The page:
an operation is typically not a life saving one. Indeed, a doctor would not be permitted to
give you a sex change operation without your consent. And even if you were not able to
consent, it is generally agreed that others cannot consent on your behalf for such non-
health related treatments.
If one believes that the embryo is a person and therefore has a right to autonomy,
then as with the case above, it seems that changing the sex of the embryo would also
require the embryo's consent. Since the embryo is not able to consent, but given that this
operation is not a life-saving medical operation, it seems that others should not be
permitted to consent on the embryo's behalf.
III. The power and limits of parental autonomy
Someone might point out though that parents often justifiably act on their
children's behalf without their children's consent, at least in non-health related cases.
For example, parents often decide how their children should be educated, what clothes
their children should wear, whether their children should play the piano or football, and
so on, without their children’s consent. Since we grant parents much power in shaping
the social identity of a child, why should parents not be permitted to shape the genetic
identity of a child, in particular, to alter the gender of an embryo without the embryo’s
One thing to note is that parents actually do not have total power over the social
identity of their children, whereas they would in the case of the genetic identity, assuming
that genetic engineering is feasible. Indeed, from very early on, infants exhibit
preferences for food, clothing, sleep schedules, and so on, and have means to resist
parental preferences should the their preferences conflict with that of the parents’. One
cannot say the same of the embryos. Secondly, it seems that one needs to distinguish
between non-health related decisions affecting a person that are reversible versus those
that are irreversible. When parents make none-health related, life-style decisions
regarding how their children should be educated, how they should dress, etc., these are all
decisions that are reversible, that is, a child can later, upon adulthood, choose to alter
these decisions should the child not endorse them. As such, these decisions limit but do
not deprive a child’s of his autonomy. But non-health related, irreversible decisions
made on behalf of a child would deprive the child of his autonomy since a life course will
have been chosen for him without his being able to alter it. If we believe in the value of
autonomy, then it seems that such non-health related irreversible decisions made on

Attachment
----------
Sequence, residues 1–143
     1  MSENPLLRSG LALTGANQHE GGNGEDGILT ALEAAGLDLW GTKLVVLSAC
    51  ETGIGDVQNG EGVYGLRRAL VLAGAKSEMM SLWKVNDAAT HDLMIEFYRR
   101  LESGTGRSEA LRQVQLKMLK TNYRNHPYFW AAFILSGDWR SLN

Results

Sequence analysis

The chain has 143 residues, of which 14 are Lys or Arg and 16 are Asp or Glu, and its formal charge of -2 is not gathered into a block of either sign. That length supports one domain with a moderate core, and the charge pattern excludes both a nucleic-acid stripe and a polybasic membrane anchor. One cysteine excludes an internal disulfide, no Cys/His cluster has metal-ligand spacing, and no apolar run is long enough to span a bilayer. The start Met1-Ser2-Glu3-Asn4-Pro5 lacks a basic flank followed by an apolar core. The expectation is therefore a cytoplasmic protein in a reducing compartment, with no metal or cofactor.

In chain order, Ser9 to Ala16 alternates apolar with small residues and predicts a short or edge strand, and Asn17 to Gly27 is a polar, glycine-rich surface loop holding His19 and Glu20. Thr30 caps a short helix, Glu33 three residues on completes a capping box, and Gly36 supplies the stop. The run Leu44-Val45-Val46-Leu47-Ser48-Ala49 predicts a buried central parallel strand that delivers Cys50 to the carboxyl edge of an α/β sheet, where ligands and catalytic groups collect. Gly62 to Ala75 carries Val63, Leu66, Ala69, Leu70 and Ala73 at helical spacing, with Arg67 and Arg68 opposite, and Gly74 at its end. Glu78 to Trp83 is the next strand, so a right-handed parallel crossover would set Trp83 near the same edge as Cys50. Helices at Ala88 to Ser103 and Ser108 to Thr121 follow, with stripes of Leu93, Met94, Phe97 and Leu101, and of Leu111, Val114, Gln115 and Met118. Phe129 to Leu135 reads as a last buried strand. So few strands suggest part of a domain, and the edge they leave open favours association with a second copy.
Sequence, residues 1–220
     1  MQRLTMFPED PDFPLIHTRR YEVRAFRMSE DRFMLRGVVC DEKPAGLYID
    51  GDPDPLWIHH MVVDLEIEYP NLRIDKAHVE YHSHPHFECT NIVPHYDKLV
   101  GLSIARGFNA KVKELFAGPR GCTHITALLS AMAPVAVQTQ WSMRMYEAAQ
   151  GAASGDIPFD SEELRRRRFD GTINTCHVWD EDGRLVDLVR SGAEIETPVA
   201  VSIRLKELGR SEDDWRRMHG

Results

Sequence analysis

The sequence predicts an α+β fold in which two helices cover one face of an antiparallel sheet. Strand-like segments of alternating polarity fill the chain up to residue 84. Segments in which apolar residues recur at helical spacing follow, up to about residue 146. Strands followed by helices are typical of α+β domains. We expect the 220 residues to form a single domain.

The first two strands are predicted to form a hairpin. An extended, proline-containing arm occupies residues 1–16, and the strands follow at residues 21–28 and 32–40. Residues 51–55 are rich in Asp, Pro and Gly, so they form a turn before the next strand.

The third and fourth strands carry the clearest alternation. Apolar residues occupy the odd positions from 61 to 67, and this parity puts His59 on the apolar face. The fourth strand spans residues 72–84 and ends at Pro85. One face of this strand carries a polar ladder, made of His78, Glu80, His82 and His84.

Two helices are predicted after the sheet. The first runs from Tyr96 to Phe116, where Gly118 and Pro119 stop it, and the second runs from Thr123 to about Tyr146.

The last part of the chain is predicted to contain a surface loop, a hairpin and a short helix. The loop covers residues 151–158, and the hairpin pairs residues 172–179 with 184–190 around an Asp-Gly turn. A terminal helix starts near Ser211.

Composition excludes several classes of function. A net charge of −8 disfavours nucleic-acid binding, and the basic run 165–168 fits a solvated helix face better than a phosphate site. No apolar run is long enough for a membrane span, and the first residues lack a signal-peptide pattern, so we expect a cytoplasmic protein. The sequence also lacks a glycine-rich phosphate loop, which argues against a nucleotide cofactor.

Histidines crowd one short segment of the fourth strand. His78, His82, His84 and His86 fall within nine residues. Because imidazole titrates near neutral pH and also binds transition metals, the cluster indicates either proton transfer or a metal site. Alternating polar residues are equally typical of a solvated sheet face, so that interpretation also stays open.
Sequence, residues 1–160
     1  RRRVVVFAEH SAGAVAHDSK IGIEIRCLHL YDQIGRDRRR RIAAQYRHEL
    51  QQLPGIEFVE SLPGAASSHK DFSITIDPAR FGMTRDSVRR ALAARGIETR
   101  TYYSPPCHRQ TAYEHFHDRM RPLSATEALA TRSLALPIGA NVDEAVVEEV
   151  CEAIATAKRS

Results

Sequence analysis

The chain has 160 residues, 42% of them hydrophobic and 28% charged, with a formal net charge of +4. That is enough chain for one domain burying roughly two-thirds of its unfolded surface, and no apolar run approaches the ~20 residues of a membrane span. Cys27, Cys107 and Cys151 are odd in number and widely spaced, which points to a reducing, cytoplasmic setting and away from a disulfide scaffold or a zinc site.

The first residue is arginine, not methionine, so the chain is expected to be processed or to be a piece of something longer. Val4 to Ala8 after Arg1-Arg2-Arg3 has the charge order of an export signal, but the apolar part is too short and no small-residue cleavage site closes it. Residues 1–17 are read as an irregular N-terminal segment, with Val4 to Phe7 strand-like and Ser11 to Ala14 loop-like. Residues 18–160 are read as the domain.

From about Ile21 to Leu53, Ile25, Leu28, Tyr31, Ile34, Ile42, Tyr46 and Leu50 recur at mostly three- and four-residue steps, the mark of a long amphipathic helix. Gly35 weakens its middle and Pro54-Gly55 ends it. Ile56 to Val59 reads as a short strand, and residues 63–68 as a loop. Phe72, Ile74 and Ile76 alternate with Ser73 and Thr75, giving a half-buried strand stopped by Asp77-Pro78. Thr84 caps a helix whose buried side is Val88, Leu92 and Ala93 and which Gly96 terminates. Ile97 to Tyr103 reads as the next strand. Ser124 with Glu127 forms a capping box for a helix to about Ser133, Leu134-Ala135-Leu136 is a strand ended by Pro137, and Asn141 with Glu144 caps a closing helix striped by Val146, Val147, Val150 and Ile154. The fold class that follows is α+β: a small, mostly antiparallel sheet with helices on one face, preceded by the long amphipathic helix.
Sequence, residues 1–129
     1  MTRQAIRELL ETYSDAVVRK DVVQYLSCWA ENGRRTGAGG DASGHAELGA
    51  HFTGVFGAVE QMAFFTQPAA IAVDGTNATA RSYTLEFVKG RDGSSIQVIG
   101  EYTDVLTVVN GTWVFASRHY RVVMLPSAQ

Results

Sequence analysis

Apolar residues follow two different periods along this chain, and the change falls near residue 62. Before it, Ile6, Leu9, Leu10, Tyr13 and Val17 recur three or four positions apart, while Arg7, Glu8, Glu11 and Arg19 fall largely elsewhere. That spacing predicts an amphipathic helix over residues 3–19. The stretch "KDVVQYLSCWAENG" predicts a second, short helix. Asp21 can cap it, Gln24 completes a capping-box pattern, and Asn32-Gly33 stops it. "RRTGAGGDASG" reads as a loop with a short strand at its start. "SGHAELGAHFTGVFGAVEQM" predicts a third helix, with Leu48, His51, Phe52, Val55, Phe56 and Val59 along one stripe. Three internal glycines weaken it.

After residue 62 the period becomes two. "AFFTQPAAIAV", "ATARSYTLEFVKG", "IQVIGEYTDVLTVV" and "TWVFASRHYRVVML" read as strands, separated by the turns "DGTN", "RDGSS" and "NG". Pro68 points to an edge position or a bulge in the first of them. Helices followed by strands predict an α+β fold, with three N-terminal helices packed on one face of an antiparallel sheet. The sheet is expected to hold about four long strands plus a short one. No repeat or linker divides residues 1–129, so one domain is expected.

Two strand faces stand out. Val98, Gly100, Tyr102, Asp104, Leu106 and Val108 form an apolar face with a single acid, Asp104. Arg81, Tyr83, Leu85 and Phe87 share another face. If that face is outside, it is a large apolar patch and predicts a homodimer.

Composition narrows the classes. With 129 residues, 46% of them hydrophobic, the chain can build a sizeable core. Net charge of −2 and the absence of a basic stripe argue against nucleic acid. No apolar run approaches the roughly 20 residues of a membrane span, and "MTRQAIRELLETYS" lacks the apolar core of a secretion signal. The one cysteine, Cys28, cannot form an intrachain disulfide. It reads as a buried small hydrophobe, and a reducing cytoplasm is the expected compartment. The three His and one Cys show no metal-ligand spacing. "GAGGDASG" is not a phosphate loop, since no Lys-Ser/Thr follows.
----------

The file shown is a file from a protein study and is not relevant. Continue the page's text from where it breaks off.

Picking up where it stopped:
behalf of another without the other’s consent should not be permitted.
In fact, one can use this principle to explain a recent ruling by the Constitutional
Court of Colombia.
The Court was asked to determine whether biological parents have
the authority to subject their intersexed children, that is, children born with both male and
female genitalia, to surgery. The Court ruled that biological parents do not have such
authority by arguing that biological parents should put the child's best interest ahead of
their own fears and concerns about sexual ambiguity. The principle I proposed above can
explain this ruling because this kind of surgery is typically none-health related and
irreversible. Indeed, many intersexed adults have argued that the decision to have
surgery should be left to when the individual is competent to make the decision.
Before concluding, I would like to consider whether genetic engineering would be
more ethical, if the embryo was not considered to be a person. I argue that it would not
be, if we agree that changing a person’s sex without that person’s consent is a violation of
that person’s autonomy. The reason is that even though a person does not yet exist, since
the embryo is not yet a person, genetic engineering affects an identifiable individual. In
particular, the embryo would have developed to become a person of a particular sex
except for one’s act, which has caused this embryo to become a person of a different sex.
As an adult, this person could complain that he or she could have been different had the
modification not taken place. The fact that the harm to the embryo takes place only at a
future date does not change the fact that an act of harm, in this case, a violation of
autonomy, has been committed against an identifiable individual. Compare this with the
following example: Suppose I planted a bomb now that will explode in a hundred years
and definitely kill a certain number of people. I will have committed a harm now to these